4. How did you learn to be a writer?  Did you attend creative writing classes or have you always been a writer from leaving school – Tell us more.
I started a general creative writing correspondence course when my eldest daughter was a toddler (she’s 22 now!). Through that I started having success with magazine articles and then short stories. This gave me confidence and I abandoned the course to focus on short stories for women’s magazines. I attended a couple of one day courses on this genre and met Helen, who became my writing buddy. We now exchange work every fortnight for critique – this a wonderful discipline for making me produce something regularly! I am now moving towards longer stories, unsuitable for the magazines’ requirements, hence The Museum of Fractured Lives series.

 

5. I hear you have published with various magazines. Is this how you began your writing career?
Readers’ letters and articles were my very first successes and then I moved on to short stories.

 

 

6. How do you prefer to promote your books?
I think promotion is the hardest part of e-publishing! I promote via my blog (http://sallyjenkins.wordpress.com/) mainly. I also belong to a couple of writers’ forums (including MyWritersCircle) where I post any news to do with my books. When I have a special offer I use some of the multitude of websites and Facebook groups that publicise free and discounted e-books.

 

7. Do you specialise in one genre or do your prefer to write general fiction.
I would classify my writing as ‘women’s fiction’ but I’ve had good reviews from men as well so maybe it’s ‘women’s fiction verging towards unisex’!

 

8. What kind of books do you read?
I enjoy crime and thrillers. I’ve just finished Gone Girl by Gillian Flynn – I enjoyed it but thought the second half was much more gripping than the first.

 

9. Who is your favourite author and why?
One of my favourite authors is Elizabeth George who writes the Inspector Lynley stories. I like the contrast in character between upper-class Lynley and his down-to-earth sidekick, Barbara.

 

10. Where do you see your writing life within the next ten years?
That’s a difficult question! More of the same I think – I enjoy the control of publishing without the constraints on story length and genre that a mainstream publisher would impose. And I’ll continue the magazine writing too – flicking through a publication and seeing my name in print still gives me a thrill.

 

11. Now you have published what is your next big ambition?
I’m aiming to slowly grow the length of the books I write, this is to allow for increased character development plus more twists and turns in the plot. So ultimately I want to be creating full-length novels.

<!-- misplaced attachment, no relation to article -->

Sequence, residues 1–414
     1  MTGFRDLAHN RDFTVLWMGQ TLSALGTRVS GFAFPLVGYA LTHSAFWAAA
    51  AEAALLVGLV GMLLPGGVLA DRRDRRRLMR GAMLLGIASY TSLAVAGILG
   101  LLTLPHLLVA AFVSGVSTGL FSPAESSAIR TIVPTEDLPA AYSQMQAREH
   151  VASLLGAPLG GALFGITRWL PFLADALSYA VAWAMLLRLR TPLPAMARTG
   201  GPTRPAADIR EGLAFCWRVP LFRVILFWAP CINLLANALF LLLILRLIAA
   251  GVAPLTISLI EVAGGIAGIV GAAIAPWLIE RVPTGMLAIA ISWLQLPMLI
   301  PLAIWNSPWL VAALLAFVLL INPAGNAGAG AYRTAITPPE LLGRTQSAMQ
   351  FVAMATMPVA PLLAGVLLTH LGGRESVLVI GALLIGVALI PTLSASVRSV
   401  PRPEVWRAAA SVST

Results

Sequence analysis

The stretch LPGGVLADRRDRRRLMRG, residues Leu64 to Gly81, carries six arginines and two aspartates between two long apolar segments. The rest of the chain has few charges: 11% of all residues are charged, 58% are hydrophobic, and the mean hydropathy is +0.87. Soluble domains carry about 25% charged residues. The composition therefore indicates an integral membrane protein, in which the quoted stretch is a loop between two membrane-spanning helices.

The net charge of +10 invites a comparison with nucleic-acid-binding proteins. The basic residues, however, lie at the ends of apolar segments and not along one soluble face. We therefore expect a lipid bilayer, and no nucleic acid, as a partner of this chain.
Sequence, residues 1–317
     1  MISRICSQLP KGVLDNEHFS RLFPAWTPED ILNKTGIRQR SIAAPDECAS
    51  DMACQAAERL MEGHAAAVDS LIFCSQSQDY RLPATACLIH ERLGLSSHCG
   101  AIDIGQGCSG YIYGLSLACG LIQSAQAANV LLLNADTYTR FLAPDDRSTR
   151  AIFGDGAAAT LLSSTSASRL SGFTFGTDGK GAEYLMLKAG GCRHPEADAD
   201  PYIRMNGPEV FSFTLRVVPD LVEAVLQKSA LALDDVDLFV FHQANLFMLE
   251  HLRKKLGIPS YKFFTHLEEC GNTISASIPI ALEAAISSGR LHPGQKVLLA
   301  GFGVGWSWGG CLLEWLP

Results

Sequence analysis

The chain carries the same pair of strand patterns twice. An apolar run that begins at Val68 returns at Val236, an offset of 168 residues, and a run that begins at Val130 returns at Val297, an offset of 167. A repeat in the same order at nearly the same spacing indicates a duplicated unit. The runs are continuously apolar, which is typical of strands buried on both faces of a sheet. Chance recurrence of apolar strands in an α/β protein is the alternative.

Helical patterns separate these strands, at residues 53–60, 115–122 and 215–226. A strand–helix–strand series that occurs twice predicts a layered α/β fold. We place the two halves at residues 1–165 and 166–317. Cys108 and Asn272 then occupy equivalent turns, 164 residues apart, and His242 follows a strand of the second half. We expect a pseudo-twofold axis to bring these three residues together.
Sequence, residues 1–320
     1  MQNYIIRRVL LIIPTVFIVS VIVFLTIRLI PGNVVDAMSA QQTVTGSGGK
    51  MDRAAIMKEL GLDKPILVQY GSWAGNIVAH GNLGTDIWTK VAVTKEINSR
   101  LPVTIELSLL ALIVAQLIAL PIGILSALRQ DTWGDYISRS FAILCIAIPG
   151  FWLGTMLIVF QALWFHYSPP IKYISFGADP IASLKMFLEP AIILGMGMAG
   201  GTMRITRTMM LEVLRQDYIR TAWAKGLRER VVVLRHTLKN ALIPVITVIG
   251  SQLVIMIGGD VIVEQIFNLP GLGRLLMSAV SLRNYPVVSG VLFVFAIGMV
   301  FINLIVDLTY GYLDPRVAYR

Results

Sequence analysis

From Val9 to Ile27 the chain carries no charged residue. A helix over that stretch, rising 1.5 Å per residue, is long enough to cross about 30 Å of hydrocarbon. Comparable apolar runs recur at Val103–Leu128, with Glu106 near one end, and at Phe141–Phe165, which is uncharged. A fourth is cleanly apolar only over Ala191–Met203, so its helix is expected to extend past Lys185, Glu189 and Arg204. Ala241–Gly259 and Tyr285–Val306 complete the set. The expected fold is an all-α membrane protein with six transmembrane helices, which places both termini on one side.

12. Do you like animals and if so do you have a pet of your own?
Animals aren’t really my thing. My children were always desperate for a dog but I refused on the grounds that it would be lonely whilst we were out at school and work. But the real reason was I didn’t want to walk it, groom it and clean up after it – maybe I’m just lazy! We do have a goldfish named Reg – but that’s the limit of our menagerie.

 

13. Have you any advice for writers who wish to publish an e-book?
Edit and polish the manuscript until it shines! Do not be one of those shoddy e-publishers who’s just out to make a quick buck – very few people get rich e-publishing. I am in the middle of writing ‘Kindle Direct Publishing for Absolute Beginners’ – so my advice would be to get hold of a copy when it comes out next month! Sign up to my mailing list (http://eepurl.com/AHkMP) and I’ll drop you a line when it’s available.

Sally Jenkins A Writer On Writing -Fiverr

 

 

Thanks Sally I am sure folks will enjoy reading all about you.  I wish you every success in the future.

If you have any questions for Sally please  COMMENT in the  box below

 

4 Comments

Filed under Writing

Ambition to Reality with Mansu Edwards


           Following on from my ‘Around the World’ interviews I would like to welcome author and poet, Mansu Edwards who lives in the USA and  self-publishes his poetry. Mansu has written and published several books and I was keen to know more about his ambitions as a poet and author. I first met him through http://www.mywriterscircle.com; he is a keen contributor to the forum. Enjoy reading about how ambitions can turn to reality.

Mansu Edwards

Mansu Edwards

       Perhaps you would tell us about your academic career and how you came to write poetry.

 I majored in Media Arts in college. The courses included Screenwriting, Film Studies, Lighting, Media Aesthetics, Journalism, etc. I selected Media Arts because I enjoyed writing and thought that screenwriting would be a good fit. It would allow me to use my imagination. I began to write poetry during my junior year. An AOL user from Pennsylvania inspired me. We wrote rhymes back and forth using the Instant Message feature.

 I gather from the information I received, you are self-published.  Can you tell us about your journey and decisions to go down that road. Did you search for a publisher first or did you decide to self publish from the start?